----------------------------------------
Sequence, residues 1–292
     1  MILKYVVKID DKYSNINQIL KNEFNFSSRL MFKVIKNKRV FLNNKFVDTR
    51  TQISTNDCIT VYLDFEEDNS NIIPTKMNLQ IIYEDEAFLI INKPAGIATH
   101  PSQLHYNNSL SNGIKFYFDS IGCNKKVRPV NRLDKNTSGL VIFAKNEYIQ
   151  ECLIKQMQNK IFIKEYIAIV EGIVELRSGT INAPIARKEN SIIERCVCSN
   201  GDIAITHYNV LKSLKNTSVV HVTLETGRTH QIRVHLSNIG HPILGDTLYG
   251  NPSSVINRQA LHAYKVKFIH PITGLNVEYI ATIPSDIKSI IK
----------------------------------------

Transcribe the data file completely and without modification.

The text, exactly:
Sequence, residues 1–292
     1  MILKYVVKID DKYSNINQIL KNEFNFSSRL MFKVIKNKRV FLNNKFVDTR
    51  TQISTNDCIT VYLDFEEDNS NIIPTKMNLQ IIYEDEAFLI INKPAGIATH
   101  PSQLHYNNSL SNGIKFYFDS IGCNKKVRPV NRLDKNTSGL VIFAKNEYIQ
   151  ECLIKQMQNK IFIKEYIAIV EGIVELRSGT INAPIARKEN SIIERCVCSN
   201  GDIAITHYNV LKSLKNTSVV HVTLETGRTH QIRVHLSNIG HPILGDTLYG
   251  NPSSVINRQA LHAYKVKFIH PITGLNVEYI ATIPSDIKSI IK